Brown butter, maple syrup, and orange glazed carrots from Heartlandia
Editorial Assistant Alexandra Deabler discovered a side dish so easy, beautiful, and delicious, she can’t help but make it again.
Any good vegetarian will tell you: Thanksgiving is “all about the sides.” However, my meat-free menus have been lacking in recent years. The traditional lineup—a roasted root vegetable medley and sautéed garlic kale—was getting boring, and my legions of fans (a.k.a. my parents) had started complaining about my side dish rut.
Then, last week, I stumbled upon this—a recipe involving carrots, fresh herbs, and maple syrup. I knew it would be my path to redemption from uninspired menus of Thanksgivings past.
Why this recipe?
Cooked carrots and I are pretty good friends, especially during the winter when they’re in season. However, the company that I keep has a more complicated relationship with the beta-carotene-rich veggie, in that they hate it. When I saw the recipe, I knew that this would be a game-changer. I would force everyone to a) like vegetarian foods during a meat-centric holiday, b) like cooked carrots, and c) like me better for having introduced this dish to them.
What was it like to make it?
Imagine making the easiest skillet dish that you have ever made. Now add carrots. That’s what it was like to make this dish. It was so simple I was embarrassed. I was brought-up with the idea that holiday food had to be time-consuming, stressful, and involve at least 40 different obscure and expensive ingredients for it to be good. This recipe used one pan, six ingredients, and it only took 20 minutes—15 of those minutes being completely hands off. And you don’t have to peel the carrots!
How did it turn out?
Visually, the dish turned out beautifully, or, in Associate Art Director Soni Obinger’s words, “Wow, that looks so professional.” The maple-citrus glaze and the wilted herbs coating the carrots really did make it look like I had meticulously slaved away over the dish.
In reality, I just precariously shoveled carrots onto a platter and ladled sauce all over them. Taste-wise, the carrots also turned out beautifully. The citrus added a brightness to the nutty butter and the sweet syrup. However, once the carrots started to cool, the glaze began to coagulate, and they looked very unappetizing. My recommendation would be to cook this right before serving.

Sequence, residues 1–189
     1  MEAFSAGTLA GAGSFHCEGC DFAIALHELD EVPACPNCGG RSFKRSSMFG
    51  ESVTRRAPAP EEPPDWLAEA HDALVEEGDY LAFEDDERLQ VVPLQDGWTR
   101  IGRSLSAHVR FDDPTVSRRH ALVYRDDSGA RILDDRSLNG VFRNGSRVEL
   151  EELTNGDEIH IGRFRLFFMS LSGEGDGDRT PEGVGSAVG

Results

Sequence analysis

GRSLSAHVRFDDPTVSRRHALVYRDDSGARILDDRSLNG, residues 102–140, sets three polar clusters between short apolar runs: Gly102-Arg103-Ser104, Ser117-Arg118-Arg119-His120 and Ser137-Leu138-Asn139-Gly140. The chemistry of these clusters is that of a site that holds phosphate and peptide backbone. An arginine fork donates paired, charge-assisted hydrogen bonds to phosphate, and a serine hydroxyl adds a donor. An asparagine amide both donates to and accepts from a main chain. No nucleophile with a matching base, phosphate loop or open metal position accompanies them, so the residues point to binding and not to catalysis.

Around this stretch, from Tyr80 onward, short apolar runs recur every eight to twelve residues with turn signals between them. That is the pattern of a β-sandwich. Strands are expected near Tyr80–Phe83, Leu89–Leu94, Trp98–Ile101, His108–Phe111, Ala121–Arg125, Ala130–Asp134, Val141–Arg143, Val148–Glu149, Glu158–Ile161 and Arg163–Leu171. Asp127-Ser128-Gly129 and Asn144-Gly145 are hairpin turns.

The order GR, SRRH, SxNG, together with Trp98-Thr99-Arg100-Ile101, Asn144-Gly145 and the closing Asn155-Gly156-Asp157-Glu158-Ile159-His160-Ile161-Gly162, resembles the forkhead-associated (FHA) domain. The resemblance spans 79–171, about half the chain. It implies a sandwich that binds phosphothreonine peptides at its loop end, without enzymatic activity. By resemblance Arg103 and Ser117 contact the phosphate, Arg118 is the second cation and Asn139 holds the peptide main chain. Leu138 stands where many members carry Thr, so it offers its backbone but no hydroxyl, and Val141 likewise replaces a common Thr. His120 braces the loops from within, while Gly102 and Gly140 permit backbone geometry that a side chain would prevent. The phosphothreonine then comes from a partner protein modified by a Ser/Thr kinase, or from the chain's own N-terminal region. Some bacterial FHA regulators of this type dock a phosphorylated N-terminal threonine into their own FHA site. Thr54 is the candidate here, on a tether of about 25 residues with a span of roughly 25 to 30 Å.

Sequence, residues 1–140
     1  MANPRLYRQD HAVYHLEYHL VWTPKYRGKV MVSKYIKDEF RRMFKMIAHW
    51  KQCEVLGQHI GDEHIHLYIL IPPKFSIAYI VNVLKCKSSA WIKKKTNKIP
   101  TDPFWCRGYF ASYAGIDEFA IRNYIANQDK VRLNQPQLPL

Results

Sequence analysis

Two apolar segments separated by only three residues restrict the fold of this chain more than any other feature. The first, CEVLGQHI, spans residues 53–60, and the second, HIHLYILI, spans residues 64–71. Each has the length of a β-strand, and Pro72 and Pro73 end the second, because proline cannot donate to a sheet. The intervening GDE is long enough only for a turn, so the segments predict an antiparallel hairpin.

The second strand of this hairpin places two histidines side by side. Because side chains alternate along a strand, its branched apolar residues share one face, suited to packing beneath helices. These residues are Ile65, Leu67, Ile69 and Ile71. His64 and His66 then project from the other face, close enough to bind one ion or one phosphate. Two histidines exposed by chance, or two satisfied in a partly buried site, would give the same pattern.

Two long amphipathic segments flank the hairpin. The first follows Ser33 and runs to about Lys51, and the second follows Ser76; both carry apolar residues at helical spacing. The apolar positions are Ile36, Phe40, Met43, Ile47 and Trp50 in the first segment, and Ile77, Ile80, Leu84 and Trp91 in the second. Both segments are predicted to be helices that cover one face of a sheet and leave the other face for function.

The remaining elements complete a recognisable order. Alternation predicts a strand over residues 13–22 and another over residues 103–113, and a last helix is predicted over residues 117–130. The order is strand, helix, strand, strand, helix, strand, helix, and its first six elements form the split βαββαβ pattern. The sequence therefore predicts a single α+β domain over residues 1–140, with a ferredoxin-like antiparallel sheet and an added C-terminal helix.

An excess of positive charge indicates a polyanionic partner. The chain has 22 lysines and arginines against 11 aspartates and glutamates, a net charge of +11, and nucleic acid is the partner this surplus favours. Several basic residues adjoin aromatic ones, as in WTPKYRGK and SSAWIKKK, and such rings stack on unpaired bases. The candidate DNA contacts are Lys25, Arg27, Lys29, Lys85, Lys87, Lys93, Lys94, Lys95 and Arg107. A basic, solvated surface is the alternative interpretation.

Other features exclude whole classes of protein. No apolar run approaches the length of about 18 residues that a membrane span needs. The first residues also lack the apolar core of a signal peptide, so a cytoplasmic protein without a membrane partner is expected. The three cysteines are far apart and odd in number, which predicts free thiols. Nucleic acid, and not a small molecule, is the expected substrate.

Will I make it again?
Yes. It is three steps. One, brown butter. Two, drop in carrots and cover. Three, serve. I used one measuring cup. It’s too easy to not make again. Plus, the oohs and aahs over how pretty the carrots looked is motivation enough for me to try it again, and again.
BROWN BUTTER, MAPLE SYRUP, AND ORANGE GLAZED CARROTSServes 4
“I’m always trying to figure out inventive side dishes that make use of the few vegetables available to me in the winter months,” writes Adam Sappington. “In the past, I’ve made maple-glazed carrots and orange-glazed carrots to introduce some bright flavors into a winter diet. This dish combines those two recipes and ties their flavors together with brown butter and fresh herbs.”
4 tbs. (1/2 stick) unsalted butter¼ cup freshly squeezed orange juice¼ cup pure maple syrup1 pound medium carrots, unpeeled, trimmed2 tbs. finely chopped fresh sage leaves2 tbs. finely chopped fresh thyme1 tsp. kosher salt, plus more for seasoning
1. In a large-lidded skillet set over medium heat, melt the butter. Cook, whisking frequently, until the butter solids are brown and start to smell nutty, about 5 minutes.
2. Add the orange juice and maple syrup to the skillet and whisk to combine. Add the carrots and toss to coat. Add ¼ cup water and the sage, thyme, and salt. Bring to a boil. Reduce the heat to low, cover the skillet, and cook until the carrots are tender when pierced with the tip of a knife, about 15 minutes.
3. Remove the skillet from the heat and transfer the carrots to a serving platter, keeping the liquid in the pan. Return the pan to the stove, raise the heat to high, and cook until the liquid is syrupy, about 5 minutes. Spoon the sauce over the carrots. Season with salt and dig in.